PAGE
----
Thursday, 25 February 2016

How long is a piece of string?

String theory is something that I've been highly sceptical about for some time, influenced by books like Not Even Wrong and The Trouble with Physics. This meant that a recent book, Why String Theory? by Joseph Conlon has proved a very interesting read to provide an explanation for the popularity of string theory among physicists, despite its apparent inability to make predictions about the real world.

I can't say the new book has won me over (and I ought to stress that, like Not Even Wrong, it's not an easy read), but what I do now understand is the puzzle many onlookers face as to how physicists can end up in what appears to be such an abstruse and disconnected mathematical world to be able to insist with a straight face and counter to all observation that we need at least 10 and probably 11 dimensions to make the universe work.

It seems that string theory emerged from an attempt to explain the strong force back in the late sixties, early seventies. The idea of particles as tiny strings, rather than point particles, seemed to provide an explanation for the strong force, however the only way to make it work required the universe to have 26 dimensions (25 spatial, one of time). This was all looking quite good (if weird, but quantum theory has showed us that weird is okay), until the new collider experiments showed the sort of scattering you'd expect from particles, not strings - and along came quantum chromodynamics, requiring only the standard 4 dimensions, blowing string theory out of the water.

However, the more mathematically-driven physicists loved string theory because it was elegant and seemed to hold together unnaturally well, even if it didn't match the real world. They continued to play around with it and eventually massaged it from what was intended as a description of the strong interaction into a mechanism for quantum gravity (or more precisely several mathematical mechanisms). The good news was that this did away with the 26 dimensions, though the bad news was it still required at least 10. Again, there was no experimental justification for the mathematics, but in its new form, mathematical things started to click into place. There was a surprising effectiveness and fit to other mathematical structures. The approach even fitted a number of oddities of the observed particle families. So the abstruse mathematics felt right - and that, essentially is why so many theoretical physicists have clung onto string theory even though it has yet to make new experimentally verifiable predictions, and has so many possible outcomes and all the other problems those books identify with it.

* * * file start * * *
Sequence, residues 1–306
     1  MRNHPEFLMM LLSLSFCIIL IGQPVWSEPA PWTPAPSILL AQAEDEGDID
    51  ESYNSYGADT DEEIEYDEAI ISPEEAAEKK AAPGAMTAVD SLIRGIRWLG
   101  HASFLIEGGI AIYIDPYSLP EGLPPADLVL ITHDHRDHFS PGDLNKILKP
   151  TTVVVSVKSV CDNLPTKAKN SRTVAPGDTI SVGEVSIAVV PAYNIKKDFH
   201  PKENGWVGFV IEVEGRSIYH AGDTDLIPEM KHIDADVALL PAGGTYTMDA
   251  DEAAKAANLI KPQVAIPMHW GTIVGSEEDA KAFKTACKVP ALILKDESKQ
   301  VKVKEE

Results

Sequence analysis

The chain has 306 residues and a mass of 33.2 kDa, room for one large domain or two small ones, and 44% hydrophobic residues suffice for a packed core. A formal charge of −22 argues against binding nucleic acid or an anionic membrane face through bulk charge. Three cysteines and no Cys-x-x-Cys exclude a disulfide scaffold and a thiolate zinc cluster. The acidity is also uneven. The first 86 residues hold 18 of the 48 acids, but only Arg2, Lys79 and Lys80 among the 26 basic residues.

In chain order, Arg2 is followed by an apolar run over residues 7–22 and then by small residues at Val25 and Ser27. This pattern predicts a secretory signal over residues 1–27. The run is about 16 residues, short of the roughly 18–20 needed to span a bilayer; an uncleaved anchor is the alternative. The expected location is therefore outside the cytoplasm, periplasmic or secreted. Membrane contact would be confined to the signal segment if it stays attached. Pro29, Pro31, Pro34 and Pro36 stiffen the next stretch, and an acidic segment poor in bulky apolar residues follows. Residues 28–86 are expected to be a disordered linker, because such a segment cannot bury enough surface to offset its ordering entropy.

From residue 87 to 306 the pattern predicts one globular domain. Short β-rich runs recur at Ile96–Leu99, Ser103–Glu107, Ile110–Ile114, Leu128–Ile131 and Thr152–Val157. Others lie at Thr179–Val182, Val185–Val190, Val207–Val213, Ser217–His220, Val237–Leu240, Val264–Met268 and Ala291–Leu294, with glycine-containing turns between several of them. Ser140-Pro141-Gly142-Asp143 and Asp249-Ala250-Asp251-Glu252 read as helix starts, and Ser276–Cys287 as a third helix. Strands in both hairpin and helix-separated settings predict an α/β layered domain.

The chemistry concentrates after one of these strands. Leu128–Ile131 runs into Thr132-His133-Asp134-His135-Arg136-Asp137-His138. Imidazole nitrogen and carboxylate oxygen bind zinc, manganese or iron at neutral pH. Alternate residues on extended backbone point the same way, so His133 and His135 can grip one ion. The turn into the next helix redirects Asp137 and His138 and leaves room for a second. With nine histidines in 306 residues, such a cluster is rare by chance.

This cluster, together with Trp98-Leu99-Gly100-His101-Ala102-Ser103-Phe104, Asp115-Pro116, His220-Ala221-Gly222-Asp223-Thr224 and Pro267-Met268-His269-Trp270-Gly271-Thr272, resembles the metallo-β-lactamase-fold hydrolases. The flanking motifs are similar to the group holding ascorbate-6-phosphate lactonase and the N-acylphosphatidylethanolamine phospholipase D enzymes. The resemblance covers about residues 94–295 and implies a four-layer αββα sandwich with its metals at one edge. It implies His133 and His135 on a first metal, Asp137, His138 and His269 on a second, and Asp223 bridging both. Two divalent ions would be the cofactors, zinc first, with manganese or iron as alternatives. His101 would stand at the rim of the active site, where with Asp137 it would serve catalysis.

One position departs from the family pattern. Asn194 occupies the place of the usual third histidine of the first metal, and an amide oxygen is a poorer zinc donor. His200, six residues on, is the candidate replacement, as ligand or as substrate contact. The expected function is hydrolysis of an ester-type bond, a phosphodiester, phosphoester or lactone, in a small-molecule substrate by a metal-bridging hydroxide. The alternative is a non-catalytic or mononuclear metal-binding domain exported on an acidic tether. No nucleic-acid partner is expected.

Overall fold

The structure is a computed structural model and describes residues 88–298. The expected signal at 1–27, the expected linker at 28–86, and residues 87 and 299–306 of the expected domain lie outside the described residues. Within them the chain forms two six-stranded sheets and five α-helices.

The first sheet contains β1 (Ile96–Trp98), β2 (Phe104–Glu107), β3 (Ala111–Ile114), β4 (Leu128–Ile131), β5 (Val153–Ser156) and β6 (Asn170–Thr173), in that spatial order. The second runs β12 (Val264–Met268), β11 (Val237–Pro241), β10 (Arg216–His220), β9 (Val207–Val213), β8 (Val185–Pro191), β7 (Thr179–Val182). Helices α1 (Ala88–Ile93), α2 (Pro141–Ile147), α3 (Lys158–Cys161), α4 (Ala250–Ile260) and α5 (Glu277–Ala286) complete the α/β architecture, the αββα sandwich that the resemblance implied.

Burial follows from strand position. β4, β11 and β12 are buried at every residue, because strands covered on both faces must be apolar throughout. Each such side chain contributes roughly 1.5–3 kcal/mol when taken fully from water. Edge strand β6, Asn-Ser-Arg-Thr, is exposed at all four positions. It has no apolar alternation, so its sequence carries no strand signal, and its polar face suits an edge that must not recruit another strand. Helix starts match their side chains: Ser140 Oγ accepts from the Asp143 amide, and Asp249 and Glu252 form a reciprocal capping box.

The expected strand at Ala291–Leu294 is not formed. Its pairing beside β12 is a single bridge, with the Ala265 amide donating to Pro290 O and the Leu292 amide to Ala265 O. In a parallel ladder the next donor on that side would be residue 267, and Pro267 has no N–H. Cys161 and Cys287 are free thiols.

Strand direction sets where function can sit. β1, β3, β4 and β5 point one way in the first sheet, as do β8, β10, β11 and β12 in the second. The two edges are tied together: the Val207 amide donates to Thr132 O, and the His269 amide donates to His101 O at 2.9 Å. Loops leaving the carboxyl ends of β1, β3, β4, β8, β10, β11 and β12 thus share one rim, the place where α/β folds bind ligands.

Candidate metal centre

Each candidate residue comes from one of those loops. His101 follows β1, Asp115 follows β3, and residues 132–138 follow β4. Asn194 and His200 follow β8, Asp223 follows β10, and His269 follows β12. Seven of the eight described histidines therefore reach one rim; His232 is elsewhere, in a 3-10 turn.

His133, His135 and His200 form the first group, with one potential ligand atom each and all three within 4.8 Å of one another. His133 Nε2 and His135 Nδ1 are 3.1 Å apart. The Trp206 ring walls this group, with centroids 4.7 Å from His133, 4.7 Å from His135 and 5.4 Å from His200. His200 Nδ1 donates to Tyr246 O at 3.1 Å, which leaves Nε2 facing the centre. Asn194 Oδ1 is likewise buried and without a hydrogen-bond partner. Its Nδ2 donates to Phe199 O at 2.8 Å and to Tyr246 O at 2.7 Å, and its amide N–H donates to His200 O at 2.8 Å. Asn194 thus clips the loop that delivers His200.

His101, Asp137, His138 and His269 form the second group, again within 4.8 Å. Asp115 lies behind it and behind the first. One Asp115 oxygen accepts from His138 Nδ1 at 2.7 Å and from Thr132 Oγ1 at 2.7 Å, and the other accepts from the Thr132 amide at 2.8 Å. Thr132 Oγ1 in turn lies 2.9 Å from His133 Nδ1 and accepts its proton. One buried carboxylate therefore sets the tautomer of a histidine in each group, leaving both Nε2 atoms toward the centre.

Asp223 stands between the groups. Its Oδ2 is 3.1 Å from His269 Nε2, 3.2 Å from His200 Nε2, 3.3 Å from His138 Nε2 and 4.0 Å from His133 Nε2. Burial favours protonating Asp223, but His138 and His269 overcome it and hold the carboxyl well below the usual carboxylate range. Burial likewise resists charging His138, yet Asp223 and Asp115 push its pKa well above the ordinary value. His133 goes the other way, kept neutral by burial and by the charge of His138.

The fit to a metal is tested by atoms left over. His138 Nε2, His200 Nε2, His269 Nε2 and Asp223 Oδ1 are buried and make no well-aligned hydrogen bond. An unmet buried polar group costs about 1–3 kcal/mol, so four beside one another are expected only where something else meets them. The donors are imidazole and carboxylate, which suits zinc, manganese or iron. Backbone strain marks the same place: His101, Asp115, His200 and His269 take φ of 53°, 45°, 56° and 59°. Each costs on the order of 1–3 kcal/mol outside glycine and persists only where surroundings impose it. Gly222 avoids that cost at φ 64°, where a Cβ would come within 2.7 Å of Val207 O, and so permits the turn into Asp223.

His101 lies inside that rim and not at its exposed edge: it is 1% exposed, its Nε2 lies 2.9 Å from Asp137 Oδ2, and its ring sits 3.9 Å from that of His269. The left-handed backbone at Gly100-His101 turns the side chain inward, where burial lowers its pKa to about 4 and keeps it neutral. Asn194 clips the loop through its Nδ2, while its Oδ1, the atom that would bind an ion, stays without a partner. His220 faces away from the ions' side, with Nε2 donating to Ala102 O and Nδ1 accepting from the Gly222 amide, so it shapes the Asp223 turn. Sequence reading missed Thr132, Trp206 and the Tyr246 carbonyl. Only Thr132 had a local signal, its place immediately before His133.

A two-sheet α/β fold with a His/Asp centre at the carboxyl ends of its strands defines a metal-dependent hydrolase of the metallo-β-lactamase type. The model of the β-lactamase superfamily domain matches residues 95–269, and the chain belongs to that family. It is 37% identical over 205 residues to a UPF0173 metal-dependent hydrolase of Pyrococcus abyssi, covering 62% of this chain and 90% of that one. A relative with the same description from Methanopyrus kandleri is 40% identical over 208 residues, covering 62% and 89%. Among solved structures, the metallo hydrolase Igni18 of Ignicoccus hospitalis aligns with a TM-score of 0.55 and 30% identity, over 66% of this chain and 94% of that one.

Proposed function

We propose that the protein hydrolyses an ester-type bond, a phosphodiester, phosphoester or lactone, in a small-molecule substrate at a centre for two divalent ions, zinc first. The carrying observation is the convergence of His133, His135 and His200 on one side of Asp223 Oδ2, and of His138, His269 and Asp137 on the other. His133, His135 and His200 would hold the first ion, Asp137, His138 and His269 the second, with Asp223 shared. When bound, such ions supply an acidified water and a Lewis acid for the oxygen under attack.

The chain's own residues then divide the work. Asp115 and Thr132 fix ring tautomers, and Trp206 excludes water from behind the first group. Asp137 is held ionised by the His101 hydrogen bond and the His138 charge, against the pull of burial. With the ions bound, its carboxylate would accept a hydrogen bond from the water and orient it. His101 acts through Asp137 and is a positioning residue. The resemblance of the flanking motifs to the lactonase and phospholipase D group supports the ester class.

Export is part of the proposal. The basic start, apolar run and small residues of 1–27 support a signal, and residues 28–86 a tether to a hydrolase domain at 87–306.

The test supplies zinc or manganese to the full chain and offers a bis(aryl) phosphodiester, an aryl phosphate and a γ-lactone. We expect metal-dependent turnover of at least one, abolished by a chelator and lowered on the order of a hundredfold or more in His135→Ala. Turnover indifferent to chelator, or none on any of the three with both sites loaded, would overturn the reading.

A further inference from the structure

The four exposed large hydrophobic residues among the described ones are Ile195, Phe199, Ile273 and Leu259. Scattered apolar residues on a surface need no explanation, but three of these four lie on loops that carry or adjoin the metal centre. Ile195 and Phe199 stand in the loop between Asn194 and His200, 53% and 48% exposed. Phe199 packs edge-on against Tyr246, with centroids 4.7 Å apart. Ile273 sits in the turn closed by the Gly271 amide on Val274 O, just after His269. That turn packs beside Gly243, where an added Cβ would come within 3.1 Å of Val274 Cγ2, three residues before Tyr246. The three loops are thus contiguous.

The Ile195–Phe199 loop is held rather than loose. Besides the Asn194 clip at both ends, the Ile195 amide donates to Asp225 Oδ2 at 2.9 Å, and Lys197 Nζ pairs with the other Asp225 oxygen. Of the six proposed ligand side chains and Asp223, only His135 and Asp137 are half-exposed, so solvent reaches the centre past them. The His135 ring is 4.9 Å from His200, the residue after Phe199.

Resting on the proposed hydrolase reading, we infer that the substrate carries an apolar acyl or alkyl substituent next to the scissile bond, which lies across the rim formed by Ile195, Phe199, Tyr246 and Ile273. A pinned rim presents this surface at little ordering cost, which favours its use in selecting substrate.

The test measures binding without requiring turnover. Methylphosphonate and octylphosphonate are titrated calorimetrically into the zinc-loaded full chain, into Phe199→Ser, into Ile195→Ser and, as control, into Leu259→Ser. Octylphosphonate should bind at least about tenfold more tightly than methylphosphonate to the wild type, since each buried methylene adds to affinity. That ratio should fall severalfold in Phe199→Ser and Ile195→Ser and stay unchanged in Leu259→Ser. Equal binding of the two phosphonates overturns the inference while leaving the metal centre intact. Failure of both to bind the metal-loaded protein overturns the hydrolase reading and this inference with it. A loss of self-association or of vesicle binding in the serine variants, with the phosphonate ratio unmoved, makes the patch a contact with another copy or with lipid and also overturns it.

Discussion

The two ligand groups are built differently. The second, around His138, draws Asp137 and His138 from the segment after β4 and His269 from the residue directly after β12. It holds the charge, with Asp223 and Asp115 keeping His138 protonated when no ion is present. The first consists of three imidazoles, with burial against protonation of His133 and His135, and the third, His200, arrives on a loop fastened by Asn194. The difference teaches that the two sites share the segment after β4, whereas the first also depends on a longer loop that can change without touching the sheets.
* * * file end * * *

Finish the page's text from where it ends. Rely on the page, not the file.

What Why String Theory? isn't very good at, is giving a feel for what is going on in the brains of the physicists in the way ordinary folk can understand (the author is himself a theoretical physicist), so I thought it might be useful to share an analogy that seemed to fit well for me. We're going to do a thought experiment featuring a civilisation that does mathematics to base 5, rather than the familiar base 10. So they count 1, 2, 3, 4, 10, 11, 12, 13, 14, 20, 21... For some obscure reason they use the same numbers as us, but only have 0, 1, 2, 3 and 4. Now these people have come across some textbooks from our civilisation. And they see all those numbers, which make a kind of sense, except there's some weird extra symbols.

Before I go into what they do, I ought to defend the base 5 idea, in case you're wondering why any civilisation would not sensibly realise they could count on the digits of both hands, but rather stuck to the 5 fingers and a thumb of a single hand. This isn't because the civilisation has a strange one armed mutation, it's because they were cleverer than us. How many can you count to on your two hands? Ten. But my civilisation can count to 30. This is because they don't regard their left and right hands as equivalent, but as two totally separate things with different names. The left hand has five digits. But the right hand has five handits. (Bear with me.) When they count on their fingers, they go up the digits of the left hand just as we do. But when the pinkie goes up, they close the whole left hand and raise the pinkie of their right hand, representing five. They then count up on the left again, but when they get a full hand they raise the second finger on their right hand, and so on. Instead of just working linearly across their fingers and thumbs, by working to base 5 their hands become a simple abacus.

So, back to interpreting our base 10 documents. Some rather wacky mathematicians in this society start playing with using bigger bases than base 5. There's no reason why, no application. It's just interesting. And when they happen on base 10 - so they're counting 1, 2, 3, 4, A, B, C, D, E, 10, 11, 12, 13, 14, 1A, 1B... they get a strange frisson of excitement. This isn't the same as the system used in our documents, where the 12th character in the list is 7, rather than C. But suddenly the two kinds of mathematics start to align. Calculations that didn't make any sense suddenly start to click.

In a hugely simplified analogy, this seems a bit like the string lovers' reason for sticking with their theory. It has that same kind of neat mathematical fit. It seems to work too well to be just coincidence. All those extra dimensions and intricate mathematical manipulation don't seem natural, any more than working to base 10 seems natural when you think of left and right hands as totally different things. But it doesn't mean there's not something behind it. I hope the analogy helps you - it certainly helped me to devise it!

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